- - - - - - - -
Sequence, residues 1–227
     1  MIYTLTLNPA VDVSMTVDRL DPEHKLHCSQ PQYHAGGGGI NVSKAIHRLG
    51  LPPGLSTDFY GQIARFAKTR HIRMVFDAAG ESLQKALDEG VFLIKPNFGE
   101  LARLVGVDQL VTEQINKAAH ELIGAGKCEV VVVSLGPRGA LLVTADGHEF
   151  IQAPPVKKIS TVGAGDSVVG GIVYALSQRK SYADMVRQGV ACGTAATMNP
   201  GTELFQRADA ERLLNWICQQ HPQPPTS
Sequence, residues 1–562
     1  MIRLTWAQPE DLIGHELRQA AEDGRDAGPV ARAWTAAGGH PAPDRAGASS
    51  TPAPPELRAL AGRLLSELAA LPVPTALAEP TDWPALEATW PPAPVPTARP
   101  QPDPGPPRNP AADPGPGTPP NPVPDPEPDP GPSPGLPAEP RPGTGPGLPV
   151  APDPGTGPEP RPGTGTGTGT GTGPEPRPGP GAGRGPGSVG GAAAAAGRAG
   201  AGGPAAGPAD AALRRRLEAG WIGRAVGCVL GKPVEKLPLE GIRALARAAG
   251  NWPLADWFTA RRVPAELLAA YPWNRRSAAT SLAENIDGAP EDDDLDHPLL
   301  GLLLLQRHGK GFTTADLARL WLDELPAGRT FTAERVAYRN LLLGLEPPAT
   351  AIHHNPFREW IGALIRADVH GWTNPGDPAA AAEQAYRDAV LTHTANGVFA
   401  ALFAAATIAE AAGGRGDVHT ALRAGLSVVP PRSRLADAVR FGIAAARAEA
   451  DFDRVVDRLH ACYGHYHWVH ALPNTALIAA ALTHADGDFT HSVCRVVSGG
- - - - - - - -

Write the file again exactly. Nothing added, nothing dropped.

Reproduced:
Sequence, residues 1–227
     1  MIYTLTLNPA VDVSMTVDRL DPEHKLHCSQ PQYHAGGGGI NVSKAIHRLG
    51  LPPGLSTDFY GQIARFAKTR HIRMVFDAAG ESLQKALDEG VFLIKPNFGE
   101  LARLVGVDQL VTEQINKAAH ELIGAGKCEV VVVSLGPRGA LLVTADGHEF
   151  IQAPPVKKIS TVGAGDSVVG GIVYALSQRK SYADMVRQGV ACGTAATMNP
   201  GTELFQRADA ERLLNWICQQ HPQPPTS
Sequence, residues 1–562
     1  MIRLTWAQPE DLIGHELRQA AEDGRDAGPV ARAWTAAGGH PAPDRAGASS
    51  TPAPPELRAL AGRLLSELAA LPVPTALAEP TDWPALEATW PPAPVPTARP
   101  QPDPGPPRNP AADPGPGTPP NPVPDPEPDP GPSPGLPAEP RPGTGPGLPV
   151  APDPGTGPEP RPGTGTGTGT GTGPEPRPGP GAGRGPGSVG GAAAAAGRAG
   201  AGGPAAGPAD AALRRRLEAG WIGRAVGCVL GKPVEKLPLE GIRALARAAG
   251  NWPLADWFTA RRVPAELLAA YPWNRRSAAT SLAENIDGAP EDDDLDHPLL
   301  GLLLLQRHGK GFTTADLARL WLDELPAGRT FTAERVAYRN LLLGLEPPAT
   351  AIHHNPFREW IGALIRADVH GWTNPGDPAA AAEQAYRDAV LTHTANGVFA
   401  ALFAAATIAE AAGGRGDVHT ALRAGLSVVP PRSRLADAVR FGIAAARAEA
   451  DFDRVVDRLH ACYGHYHWVH ALPNTALIAA ALTHADGDFT HSVCRVVSGG